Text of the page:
00:57:08   and new.

00:57:09   And then you could, when you decided to leave your house, you could consume them on this

00:57:13   magical new hardware device.

00:57:15   And you guys made allusions to this earlier, but a theoretical Apple TV where you can acquire

00:57:22   content very easily, and the content I'm thinking of is sports content.

00:57:26   And I know that Marco's eyes just glazed over, but for most Americans, and I would argue

00:57:31   most of the world, sports are a big deal. And a lot of people pointed out in the chat

00:57:37   that the NFL has—that's the National American Football League.

00:57:40   That's not the NAFL.

00:57:41   Well, you know what I mean. So they have an exclusive deal with DirecTV, which is a satellite

00:57:47   provider here in the United States. And that runs out, I think, at the end of the season,

00:57:52   if not the end of the season, very, very soon. And a lot of people are calling on Apple to

00:57:56   just throw money at this problem and get that exclusive deal. And what that exclusive deal

00:58:00   brings is if you're a DirecTV customer, you can get what's called NFL Sunday Ticket because

00:58:05   all the games are played on Sundays, most of them anyway, and you can watch any game

00:58:08   you want when it's aired live.

00:58:11   And so for me as an example, I happen to be a fan of the New York Giants.

00:58:14   I live nowhere near New York.

00:58:16   I actually live near one of their rivals, the Washington Redskins.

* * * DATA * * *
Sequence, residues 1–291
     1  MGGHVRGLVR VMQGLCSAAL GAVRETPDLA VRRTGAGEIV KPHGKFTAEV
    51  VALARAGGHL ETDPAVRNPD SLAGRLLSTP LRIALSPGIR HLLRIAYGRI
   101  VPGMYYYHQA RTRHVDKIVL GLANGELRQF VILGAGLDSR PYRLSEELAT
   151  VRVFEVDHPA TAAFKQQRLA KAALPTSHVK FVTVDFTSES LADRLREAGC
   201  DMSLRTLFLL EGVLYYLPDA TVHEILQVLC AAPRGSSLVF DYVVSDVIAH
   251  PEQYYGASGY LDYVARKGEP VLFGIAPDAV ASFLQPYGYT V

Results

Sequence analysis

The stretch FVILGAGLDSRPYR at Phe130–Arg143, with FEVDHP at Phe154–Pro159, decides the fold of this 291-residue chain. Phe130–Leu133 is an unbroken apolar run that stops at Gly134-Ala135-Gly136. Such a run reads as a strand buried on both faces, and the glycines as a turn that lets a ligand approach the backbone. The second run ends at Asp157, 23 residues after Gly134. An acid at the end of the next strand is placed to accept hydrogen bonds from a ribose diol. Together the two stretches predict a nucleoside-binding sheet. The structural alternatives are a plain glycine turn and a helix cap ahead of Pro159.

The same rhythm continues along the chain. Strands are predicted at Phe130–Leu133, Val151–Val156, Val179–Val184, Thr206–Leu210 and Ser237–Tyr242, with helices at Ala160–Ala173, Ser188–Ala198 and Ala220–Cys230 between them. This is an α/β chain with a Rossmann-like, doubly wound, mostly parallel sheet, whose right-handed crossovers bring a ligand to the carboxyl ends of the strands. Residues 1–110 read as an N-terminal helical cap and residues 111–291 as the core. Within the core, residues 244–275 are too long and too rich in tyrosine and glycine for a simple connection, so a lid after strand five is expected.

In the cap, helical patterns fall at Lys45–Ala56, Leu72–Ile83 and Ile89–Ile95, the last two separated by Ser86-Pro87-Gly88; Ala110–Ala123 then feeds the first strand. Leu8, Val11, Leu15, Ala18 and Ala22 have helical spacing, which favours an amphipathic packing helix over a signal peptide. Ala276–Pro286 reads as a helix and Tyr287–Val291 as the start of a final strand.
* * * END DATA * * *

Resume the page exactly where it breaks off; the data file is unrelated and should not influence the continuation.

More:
00:58:19   And as such, I only ever get Giants games if it just so happens that Redskins or any

00:58:25   of the other local franchises aren't playing at that time.

00:58:29   So imagine a situation where the NFL and Apple reach an exclusive deal.

00:58:36   So now you can get the content you want, which is the acquire piece, because you can watch

00:58:41   any game you want.

00:58:42   And the MLB already does this, Major League Baseball does this, the NBA, I believe, already

00:58:46   does this, or I think the NHL does.

00:58:48   I'm probably getting some of that wrong, but whatever, you get the idea.

00:58:50   Well, imagine a combination of NFL, NASCAR, and F1, all of them easily available on the

00:58:57   the Apple TV both live and replay and all you need to do is either pay Apple a little

00:59:03   bit or just buy the darn device transporter style.

00:59:06   And then on top of that Apple has this really slick UI.

00:59:09   Well I like the UI in the Apple TV, maybe you don't, but it's certainly a lot better

00:59:13   than most set top boxes like my Verizon box looks like crap compared to the Apple TV.

00:59:18   So now you've got the content or you can acquire the content and now you can consume the content

00:59:22   in a nice and easy way.

00:59:23   I see some, not direct parallels with iTunes and the iPod, but certainly some parallels

00:59:29   nevertheless.

00:59:30   I don't know that sports is enough to really get them over the proverbial hump, but I think

00:59:34   it could be a really, really interesting way to attack traditional TV without having to

00:59:42   go after movies and TV shows in the traditional sense.

00:59:47   To reinforce Marco's point, the big difference here is that the players know, the players

00:59:51   saw what happened to music. And so everybody is super paranoid about putting too many eggs

00:59:55   in one basket. So if Apple, by some miracle, decided to spend the billions of dollars it

01:00:01   would take to get the NFL to that degree, any other sports franchise would be like,

01:00:05   "We sure as hell can't go with Apple," because then they would have two sports franchises.

01:00:08   And look what happened in music. It's not collusion, but they all kind of see what each

01:00:13   other are doing, and they're all kind of trying to protect their turf and spread their bets.

01:00:18   It's like, just like the music labels, as soon as Amazon became viable, all the music

01:00:21   labels were like, "We gotta go over there and just give Amazon everything because we